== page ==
I sell a service, so sometimes when I see people struggling to sell their products I think, "Really? Your merchandise is on display. It's hard to put a "service" on the shelf." But hard does not mean impossible. Take companies like Progressive. Now, they may or may not be your insurance company, but they had a challenge: How to turn a service into a product.
How'd they do it? Bundling. "Flo" now comes with a talking box, and the company has a device one can plug into their car to calculate usage.
Products sell services.
It's that simple.
Since business coaching is a relatively new concept, we took a service and turned into a product in the form of CDs, E-books, and You Tube videos. These products provide valuable tools for business owners and not only introduce them to our services, but show them ways that business coaching can benefit their companies.
So, what about you? What's your service? Auto Mechanics? Stylist? Masseuse? Consulting? Painting? Designing? Sports? Teaching? CPA? Banker? Domestic Engineer? Media? Power? Health? Motorcycle maintenance?
What would your service look like as a product? Brainstorm with your team. I'll leave you with a few ideas in a moment, but first, to make an idea like turning your service into a product viable, you will want to work on changing your mind set.
Start with a closed mind and you might as well go back to getting a paycheck and working for someone else, rather than owning your own business. Some key things to consider when you start on this new journey, is to let go of the blame game. Sure, you'll make mistakes, but you'll gain knowledge! Business is hard work, but it should also be fun! Seriously, if you're not enjoying what you're doing, why keep doing it? No amount of money is worth that much agony. So, make it fun.
And one way to make it fun is to think of new ideas. A photographer may take 4000 photographs before "the one" emerges that wins him or her recognition. And, yeah. You might go through a lot of ideas, but when one hits the bullseye, you'll forget all the growing pains. Trust me.
Okay, so let's have some fun. To start, let's select a few of the services listed above and brainstorm on how those services could be turned into products.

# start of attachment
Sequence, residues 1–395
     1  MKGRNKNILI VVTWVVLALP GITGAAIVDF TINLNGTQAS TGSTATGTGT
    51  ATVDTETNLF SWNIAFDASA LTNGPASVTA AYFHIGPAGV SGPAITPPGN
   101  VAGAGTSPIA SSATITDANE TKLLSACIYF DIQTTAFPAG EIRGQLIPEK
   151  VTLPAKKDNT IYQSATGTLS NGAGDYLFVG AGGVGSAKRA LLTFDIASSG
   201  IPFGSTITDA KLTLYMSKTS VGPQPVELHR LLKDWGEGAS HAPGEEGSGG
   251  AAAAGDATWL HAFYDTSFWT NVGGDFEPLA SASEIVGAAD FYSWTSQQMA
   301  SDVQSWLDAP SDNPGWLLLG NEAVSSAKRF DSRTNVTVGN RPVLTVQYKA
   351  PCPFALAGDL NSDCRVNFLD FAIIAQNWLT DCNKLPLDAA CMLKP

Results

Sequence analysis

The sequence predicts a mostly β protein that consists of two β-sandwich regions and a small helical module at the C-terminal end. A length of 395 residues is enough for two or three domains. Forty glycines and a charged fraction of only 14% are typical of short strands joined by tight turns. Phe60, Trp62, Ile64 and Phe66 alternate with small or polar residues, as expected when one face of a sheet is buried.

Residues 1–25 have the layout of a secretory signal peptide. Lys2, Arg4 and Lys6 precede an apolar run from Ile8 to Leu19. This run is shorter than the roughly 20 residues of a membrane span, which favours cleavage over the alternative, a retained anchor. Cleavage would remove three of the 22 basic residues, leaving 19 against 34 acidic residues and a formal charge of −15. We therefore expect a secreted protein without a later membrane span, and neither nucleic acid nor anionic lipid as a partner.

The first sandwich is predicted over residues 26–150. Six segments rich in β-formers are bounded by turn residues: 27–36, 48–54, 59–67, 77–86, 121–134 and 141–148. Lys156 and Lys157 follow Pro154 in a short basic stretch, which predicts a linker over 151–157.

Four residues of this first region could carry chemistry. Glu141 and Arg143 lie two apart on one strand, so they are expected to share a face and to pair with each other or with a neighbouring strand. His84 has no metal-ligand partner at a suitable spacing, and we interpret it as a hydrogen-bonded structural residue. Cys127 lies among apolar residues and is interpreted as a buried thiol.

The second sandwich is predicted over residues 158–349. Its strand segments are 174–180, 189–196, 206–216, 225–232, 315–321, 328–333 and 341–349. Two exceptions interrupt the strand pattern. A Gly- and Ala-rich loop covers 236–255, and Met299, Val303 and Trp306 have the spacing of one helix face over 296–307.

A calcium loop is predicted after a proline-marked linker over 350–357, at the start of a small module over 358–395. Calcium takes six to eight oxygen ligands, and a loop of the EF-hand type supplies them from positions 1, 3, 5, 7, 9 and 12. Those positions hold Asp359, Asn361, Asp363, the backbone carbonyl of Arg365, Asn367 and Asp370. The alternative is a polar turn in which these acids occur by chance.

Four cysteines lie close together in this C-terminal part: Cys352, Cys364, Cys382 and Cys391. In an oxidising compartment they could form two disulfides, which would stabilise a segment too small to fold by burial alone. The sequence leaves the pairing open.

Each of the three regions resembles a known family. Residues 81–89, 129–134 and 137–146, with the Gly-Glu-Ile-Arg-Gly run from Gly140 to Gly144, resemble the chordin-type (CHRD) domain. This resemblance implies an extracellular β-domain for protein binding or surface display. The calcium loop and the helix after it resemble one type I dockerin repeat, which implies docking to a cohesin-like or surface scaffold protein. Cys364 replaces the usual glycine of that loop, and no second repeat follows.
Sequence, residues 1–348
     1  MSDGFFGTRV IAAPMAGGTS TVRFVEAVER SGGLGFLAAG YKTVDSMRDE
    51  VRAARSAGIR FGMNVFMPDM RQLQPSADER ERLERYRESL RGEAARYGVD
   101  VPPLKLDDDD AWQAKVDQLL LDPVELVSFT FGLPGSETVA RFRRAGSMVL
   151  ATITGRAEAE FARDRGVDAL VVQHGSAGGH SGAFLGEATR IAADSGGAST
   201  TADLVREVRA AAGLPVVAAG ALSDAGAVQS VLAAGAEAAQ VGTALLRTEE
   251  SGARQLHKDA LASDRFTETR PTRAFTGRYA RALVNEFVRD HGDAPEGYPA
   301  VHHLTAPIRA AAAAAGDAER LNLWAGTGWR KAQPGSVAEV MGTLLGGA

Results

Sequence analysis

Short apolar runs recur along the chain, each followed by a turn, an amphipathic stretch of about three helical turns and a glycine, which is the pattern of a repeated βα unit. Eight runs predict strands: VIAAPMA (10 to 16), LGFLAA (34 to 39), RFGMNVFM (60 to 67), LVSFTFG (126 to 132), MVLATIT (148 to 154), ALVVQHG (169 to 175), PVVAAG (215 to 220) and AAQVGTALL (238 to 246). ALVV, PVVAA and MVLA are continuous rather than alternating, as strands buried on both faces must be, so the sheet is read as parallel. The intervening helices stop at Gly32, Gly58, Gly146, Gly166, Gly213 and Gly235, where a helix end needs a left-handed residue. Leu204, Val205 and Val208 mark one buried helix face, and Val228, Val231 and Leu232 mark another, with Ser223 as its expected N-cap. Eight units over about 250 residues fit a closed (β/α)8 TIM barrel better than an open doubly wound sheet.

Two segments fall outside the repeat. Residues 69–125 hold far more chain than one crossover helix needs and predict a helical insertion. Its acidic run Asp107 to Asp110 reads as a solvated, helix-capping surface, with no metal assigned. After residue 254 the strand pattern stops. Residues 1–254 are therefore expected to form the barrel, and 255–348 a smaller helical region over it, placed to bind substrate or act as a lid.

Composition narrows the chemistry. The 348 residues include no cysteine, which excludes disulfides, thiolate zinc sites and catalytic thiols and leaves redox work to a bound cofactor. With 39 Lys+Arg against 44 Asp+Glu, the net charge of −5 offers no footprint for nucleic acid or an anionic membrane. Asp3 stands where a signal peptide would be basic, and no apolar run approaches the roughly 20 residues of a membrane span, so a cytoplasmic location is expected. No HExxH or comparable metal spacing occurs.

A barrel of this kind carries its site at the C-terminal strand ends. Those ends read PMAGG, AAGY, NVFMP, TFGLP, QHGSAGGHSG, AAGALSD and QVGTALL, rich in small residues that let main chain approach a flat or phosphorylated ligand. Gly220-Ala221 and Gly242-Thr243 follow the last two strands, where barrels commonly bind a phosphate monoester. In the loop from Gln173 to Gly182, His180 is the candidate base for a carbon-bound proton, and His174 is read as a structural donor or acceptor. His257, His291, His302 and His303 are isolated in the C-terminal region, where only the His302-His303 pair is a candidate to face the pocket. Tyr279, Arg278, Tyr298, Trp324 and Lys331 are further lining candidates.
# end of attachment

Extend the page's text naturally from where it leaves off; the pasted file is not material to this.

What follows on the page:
1. Auto Mechanic. While many new cars start with a button, most still use a key. So, let's focus on that key. What product can you develop that contains a key? Oh, I know. A KEY! Okay, so how can you market a key and get people to come in for auto maintenance? Some car dealerships send keys out for people to come in and try to win a car, but frankly, most people I know don't bite. The keys don't even feel real. But your key can have a real lock and a key purpose. What if the keys fit into locks you've set up and labeled that highlight certain services: oil change, alignment, BOGO free tire…whatever you decide. Potential customers get the key. They come in. They try the key. It turns a lock. That service is free - or greatly discounted. Your print material can contain "key tips" with the keys as bullets. I think you get the idea.
2. Masseuse. I had a massage a while back that included hot rocks and a rubdown that was like no other. What if your "product" is a small rock? Flat. Lightweight. Maybe with a message carved in it (Peace, Tranquility, Abundance, Joy). Think they'll just throw it away? I don't. Your slogan might be "A pebble of peace awaits you. Bring yours in for a 20% discount on your next massage." They bring in the pebble, recycling your campaign, and you get new customers!
3. CPA. Wow, you guys are a tough nut to crack. Who likes taxes? Not too many people that I know do, but a good CPA is like an effective headache remedy. Why not create a medicine bottle "For Those Taxing Headaches." Of course, it would contain candy "pills", but it would also include a tax tip, a discount, or how about a penny? "Bring this in for a "penny for our thoughts" on how to get you a well-deserved tax return."
How fun is this? But fun isn't good enough. It has to work. And this is a great time to try campaigns like these because the stressed economy has meant a real cutback in direct mail. People like to get gifts, so give them some! But make them relevant to your industry.
Want a couple more:
4. Designer. Send them a magnetic picture frame that's light, flat - something they can hang on their fridge, with a card that reads, "Picture yourself happy." What will that design or remodel mean to them? Make them "see" it.
5. Domestic Engineer. You clean houses. What product can possibly sell that service? How about a rag? Seriously. A square of cotton with clever slogans like: "I could have been on vacation," or "Let's get messy," or "Quit ragging on me" with your custom logo and phone number. People always need rags, and yours will remind them of how they could be doing something else if only they'd hired YOU for their service needs!
Okay. Now it's your turn. What's your service? What product comes to mind? How can you tie in a slogan with your product?
Remember these important "E"s.
* Educate your public about your service (e-book, report, CD, video, etc.)
* Entertain your potential customer (key, pill box, photo frame, rag)
* Earn their trust (professional logo design recognition, quality service, added value)
In the end, you'll earn more than trust. You'll earn double, if not more, of what you were making before by having both a product and service to sell.
Remember, good products sell services. Good service sells products. Now, that's a winning combination if I ever saw one.